research, “an approach […] in which the external researchers
and internal organizational members work together in
partnership” (Cameron et al., 2005, p. 27). This approach
to research is deliberate and emerges out of a commitment to
authentic and reciprocal partnerships between scholars and
community partners (Korzun et al., 2014).

Unlike conventional social science, its purpose is not primarily or solely to understand social arrangements, but also to effect desired change as a path to generating knowledge and empowering stakeholders.

(Bradbury Huang, 2010, p. 93)

Commitments to partnership and change shift a scholar’s focus to the practical needs and encourage scholars to disseminate their work to a broader set of audiences, ranging from a local religious group to the public more generally, and to the academy.

I would like to share with you ways I pursue a research-with approach using the tools of visual sociology. To do so, I draw examples from my work, which involves the use of visual research and engagement strategies in religious organizations. Over the last two years, I worked with three congregations and five Christian non-profit organizations that work with youth including an urban farm, a denomination’s mission agency, and a Christian college. In these contexts, participants used their personal mobile devices (e.g., cell phones, iPods, tablet computers) or digital cameras to generate photographs. These images, in turn, were used in one-on-one interviews and conversations, small group discussions, and displayed publicly to engage participants in the process of self-evaluation, learning, dialogue, and change. Three examples from my work will highlight innovations and opportunities available to religion scholars through visual sociology.

Photo Elicitation: From Interviews to Engagement

In the spring of 2015, I used a technique called photo elicitation to evaluate a program designed to strengthen families and outcomes for minority youth (African American and Latino teenagers) in Grand Rapids, Michigan (USA). A substantial gap in educational outcomes separates children of color from white kids and low-income students from wealthy ones in the United States. The Douglas and Maria DeVos Foundation attempts to close the achievement gap in Grand Rapids through a church-based program called the Family Leadership Initiative (FLI). Each week families gather at participating churches for a meal in the evening. After dinner, leaders mentor adults in parenting strategies and volunteers tutor youth using the web-based Khan Academy curriculum on iPads provided by the program. The foundation hopes that the lessons learned at FLI meetings will be put into practice in everyday life and thereby strengthen families and improve outcomes for children.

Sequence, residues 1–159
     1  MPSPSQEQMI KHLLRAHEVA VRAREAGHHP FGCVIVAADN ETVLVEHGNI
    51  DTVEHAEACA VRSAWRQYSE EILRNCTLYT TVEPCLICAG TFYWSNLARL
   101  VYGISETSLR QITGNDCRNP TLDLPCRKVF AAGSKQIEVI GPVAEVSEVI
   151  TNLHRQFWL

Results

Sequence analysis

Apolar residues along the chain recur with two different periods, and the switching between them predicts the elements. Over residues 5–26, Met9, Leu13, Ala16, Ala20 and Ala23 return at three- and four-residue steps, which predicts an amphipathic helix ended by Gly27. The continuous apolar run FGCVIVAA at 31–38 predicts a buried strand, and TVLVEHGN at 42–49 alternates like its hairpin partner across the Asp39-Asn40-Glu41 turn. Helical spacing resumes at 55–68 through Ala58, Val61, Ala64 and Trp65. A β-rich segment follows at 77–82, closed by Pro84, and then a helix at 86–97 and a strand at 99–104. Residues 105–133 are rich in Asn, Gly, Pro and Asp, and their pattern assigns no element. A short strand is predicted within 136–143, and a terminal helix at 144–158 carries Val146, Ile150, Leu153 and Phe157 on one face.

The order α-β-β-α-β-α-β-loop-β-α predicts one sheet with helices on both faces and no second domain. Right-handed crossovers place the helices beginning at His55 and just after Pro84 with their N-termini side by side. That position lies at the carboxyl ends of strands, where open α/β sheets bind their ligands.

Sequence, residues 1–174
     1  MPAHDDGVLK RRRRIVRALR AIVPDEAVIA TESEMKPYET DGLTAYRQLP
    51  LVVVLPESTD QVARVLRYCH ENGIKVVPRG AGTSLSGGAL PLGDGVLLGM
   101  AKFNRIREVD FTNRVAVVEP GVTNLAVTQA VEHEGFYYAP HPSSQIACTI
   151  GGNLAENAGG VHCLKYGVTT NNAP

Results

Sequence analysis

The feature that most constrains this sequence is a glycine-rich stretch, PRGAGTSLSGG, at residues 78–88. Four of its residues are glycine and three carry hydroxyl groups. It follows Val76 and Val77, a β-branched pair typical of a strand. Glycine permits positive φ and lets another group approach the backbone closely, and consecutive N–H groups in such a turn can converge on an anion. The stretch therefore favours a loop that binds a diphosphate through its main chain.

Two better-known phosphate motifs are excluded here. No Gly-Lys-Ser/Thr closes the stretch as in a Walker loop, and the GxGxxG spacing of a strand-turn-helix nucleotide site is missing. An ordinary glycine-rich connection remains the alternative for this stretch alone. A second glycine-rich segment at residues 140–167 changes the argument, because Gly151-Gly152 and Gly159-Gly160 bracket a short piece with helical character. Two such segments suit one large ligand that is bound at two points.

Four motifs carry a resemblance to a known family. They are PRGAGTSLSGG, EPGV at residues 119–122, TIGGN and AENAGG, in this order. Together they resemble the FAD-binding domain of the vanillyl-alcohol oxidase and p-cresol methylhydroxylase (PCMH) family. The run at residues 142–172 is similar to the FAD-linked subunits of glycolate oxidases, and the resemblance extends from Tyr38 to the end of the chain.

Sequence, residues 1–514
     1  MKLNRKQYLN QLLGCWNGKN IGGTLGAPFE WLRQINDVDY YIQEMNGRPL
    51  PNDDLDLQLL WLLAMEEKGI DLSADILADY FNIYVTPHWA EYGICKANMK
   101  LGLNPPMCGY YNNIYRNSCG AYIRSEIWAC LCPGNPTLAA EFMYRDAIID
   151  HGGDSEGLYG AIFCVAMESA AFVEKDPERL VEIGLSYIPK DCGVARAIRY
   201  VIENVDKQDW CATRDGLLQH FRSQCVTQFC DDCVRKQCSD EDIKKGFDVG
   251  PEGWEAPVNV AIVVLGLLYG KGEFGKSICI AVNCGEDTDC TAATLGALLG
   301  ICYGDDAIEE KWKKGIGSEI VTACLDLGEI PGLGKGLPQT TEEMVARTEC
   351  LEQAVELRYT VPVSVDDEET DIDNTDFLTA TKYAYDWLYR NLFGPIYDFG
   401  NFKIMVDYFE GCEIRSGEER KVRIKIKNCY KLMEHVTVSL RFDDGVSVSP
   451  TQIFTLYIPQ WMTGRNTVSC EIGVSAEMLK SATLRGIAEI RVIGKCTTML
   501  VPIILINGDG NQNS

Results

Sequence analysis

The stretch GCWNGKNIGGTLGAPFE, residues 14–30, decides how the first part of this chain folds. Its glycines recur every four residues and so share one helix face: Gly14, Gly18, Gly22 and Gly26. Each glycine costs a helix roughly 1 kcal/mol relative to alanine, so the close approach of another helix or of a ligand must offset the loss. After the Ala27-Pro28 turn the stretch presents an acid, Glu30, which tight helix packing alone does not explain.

Figuring out whether or not a program like this is effective poses an interesting challenge. Asking participants too directly might encourage polite answers, neatly packaged to emphasize positive experiences. Likewise, it would be impractical to follow people around as they go about their day, watching for the effects of the curriculum in everyday life. Instead, we used photo elicitation (Williams; Whitehouse, 2015): seven families used digital cameras to photograph examples of “what’s working, what’s not working, and what difference FLI is making”. Likewise, they were encouraged to photograph needs they thought FLI could help to address, but currently does not. And we used their digital photographs as the basis for interviews about the effectiveness of the program.